A fast-rising tidal disruption event from a candidate intermediate-mass black hole
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The rapid rise in brightness of a tidal disruption event is attributed to the destruction of a main sequence star by a black hole of intermediate mass in a dwarf galaxy. Such events are rare, and non-accreting intermediate-mass black holes are challenging to find.
Massive black holes (BHs) at the centres of massive galaxies are ubiquitous. The population of BHs within dwarf galaxies, on the other hand, is not yet known. Dwarf galaxies are thought to harbour BHs with proportionally small masses, including intermediate-mass BHs, with masses 10(2) < M-BH < 10(6) solar masses (M-circle dot). Identification of these systems has historically relied on the detection of light emitted from accreting gaseous disks close to the BHs. Without this light, they are difficult to detect. Tidal disruption events, the luminous flares produced when a star strays close to a BH and is shredded, are a direct way to probe massive BHs. The rise times of these flares theoretically correlate with the BH mass. Here we present AT 2020neh, a fast-rising tidal disruption event candidate, hosted by a dwarf galaxy. AT 2020neh can be described by the tidal disruption of a main sequence star by a 10(4.7)-10(5.9) M-circle dot BH. We find the observable rate of fast-rising nuclear transients like AT 2020neh to be low, at less than or similar to 2 x 10(-8) events Mpc(-3) yr(-1). Finding non-accreting BHs in dwarf galaxies is important to determine how prevalent BHs are within these galaxies, and to constrain models of BH formation. AT 2020neh-like events may provide a galaxy-independent method of measuring the masses of intermediate-mass BHs.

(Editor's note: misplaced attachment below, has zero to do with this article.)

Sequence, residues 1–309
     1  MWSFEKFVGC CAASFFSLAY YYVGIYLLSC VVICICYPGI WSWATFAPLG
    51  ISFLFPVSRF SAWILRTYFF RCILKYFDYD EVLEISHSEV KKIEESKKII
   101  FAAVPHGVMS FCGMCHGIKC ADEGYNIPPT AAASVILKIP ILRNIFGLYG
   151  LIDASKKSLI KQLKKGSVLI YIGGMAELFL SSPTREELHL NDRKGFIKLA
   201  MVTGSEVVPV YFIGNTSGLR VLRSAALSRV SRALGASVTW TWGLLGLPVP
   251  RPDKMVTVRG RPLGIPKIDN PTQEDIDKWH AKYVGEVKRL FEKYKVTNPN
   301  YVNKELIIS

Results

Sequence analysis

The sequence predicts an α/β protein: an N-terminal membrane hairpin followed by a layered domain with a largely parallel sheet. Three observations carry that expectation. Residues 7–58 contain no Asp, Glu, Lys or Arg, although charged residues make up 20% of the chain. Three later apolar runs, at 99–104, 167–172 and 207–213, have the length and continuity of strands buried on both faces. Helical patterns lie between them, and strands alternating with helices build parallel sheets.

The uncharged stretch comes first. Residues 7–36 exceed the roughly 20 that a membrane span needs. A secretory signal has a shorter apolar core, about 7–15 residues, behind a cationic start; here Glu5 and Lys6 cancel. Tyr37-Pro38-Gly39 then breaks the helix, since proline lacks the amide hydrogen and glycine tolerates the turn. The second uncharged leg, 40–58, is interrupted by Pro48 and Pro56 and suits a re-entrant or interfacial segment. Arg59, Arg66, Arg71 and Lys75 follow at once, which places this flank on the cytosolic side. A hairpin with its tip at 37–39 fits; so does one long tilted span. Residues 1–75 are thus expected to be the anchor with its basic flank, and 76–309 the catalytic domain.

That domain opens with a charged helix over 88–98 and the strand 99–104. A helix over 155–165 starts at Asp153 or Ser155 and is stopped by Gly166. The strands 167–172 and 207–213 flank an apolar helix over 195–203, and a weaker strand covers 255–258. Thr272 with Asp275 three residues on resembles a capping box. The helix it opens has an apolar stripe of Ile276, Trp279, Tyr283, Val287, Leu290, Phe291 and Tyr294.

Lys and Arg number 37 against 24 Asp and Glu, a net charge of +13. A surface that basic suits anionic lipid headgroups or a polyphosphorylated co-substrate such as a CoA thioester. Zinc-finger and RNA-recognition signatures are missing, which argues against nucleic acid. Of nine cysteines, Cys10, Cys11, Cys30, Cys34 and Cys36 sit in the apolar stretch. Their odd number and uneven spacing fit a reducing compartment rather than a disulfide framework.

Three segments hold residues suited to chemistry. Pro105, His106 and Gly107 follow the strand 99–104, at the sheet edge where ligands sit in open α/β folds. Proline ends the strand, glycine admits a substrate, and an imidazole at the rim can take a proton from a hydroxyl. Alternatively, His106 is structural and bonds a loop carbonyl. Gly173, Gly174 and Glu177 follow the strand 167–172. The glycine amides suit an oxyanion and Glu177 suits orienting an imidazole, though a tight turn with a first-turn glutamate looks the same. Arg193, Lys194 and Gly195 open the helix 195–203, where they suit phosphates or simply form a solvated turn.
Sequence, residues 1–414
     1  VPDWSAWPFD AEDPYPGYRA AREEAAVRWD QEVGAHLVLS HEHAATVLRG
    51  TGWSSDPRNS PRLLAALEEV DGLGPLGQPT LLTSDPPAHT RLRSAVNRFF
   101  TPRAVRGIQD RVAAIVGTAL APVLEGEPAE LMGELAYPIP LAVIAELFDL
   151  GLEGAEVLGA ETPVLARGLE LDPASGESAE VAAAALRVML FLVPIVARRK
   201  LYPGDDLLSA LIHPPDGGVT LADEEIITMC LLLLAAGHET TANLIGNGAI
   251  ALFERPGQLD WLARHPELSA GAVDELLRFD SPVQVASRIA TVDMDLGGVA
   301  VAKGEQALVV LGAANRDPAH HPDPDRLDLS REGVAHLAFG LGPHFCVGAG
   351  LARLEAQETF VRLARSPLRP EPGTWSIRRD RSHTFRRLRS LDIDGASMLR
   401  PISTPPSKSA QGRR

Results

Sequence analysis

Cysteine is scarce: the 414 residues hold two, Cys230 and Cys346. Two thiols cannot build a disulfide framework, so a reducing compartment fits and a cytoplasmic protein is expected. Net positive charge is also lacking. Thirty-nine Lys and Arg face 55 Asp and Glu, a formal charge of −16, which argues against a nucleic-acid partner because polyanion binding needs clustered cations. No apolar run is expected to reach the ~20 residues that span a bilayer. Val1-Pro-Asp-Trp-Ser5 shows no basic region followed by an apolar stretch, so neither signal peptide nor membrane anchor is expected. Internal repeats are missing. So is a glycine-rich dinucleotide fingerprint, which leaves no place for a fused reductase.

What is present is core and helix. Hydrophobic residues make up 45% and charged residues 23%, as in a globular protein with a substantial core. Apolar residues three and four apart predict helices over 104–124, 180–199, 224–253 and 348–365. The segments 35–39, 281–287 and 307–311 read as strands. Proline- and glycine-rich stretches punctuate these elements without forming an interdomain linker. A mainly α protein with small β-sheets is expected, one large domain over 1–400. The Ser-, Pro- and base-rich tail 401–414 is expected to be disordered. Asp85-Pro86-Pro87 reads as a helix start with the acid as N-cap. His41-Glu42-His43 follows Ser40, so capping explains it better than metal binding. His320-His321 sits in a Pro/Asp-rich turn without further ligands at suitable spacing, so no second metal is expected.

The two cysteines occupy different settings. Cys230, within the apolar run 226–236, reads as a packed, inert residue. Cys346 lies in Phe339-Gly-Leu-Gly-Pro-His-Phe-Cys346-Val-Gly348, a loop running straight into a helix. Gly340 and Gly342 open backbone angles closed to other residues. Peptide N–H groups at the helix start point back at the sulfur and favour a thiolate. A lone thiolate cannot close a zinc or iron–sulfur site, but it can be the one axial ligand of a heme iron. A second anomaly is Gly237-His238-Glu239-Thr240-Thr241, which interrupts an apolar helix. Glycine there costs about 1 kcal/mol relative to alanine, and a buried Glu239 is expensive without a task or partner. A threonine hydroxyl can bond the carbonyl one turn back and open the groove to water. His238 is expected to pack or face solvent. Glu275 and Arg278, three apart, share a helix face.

|Number of pages||15|
|Publication status||Published - 10 Nov 2022|
- RAPIDLY EVOLVING TRANSIENTS, HOST GALAXIES, LINE SPECTRA, DWARF GALAXY, STARS, CLASSIFICATION, SUPERNOVA, EVOLUTION, EXPLORER, NEARBY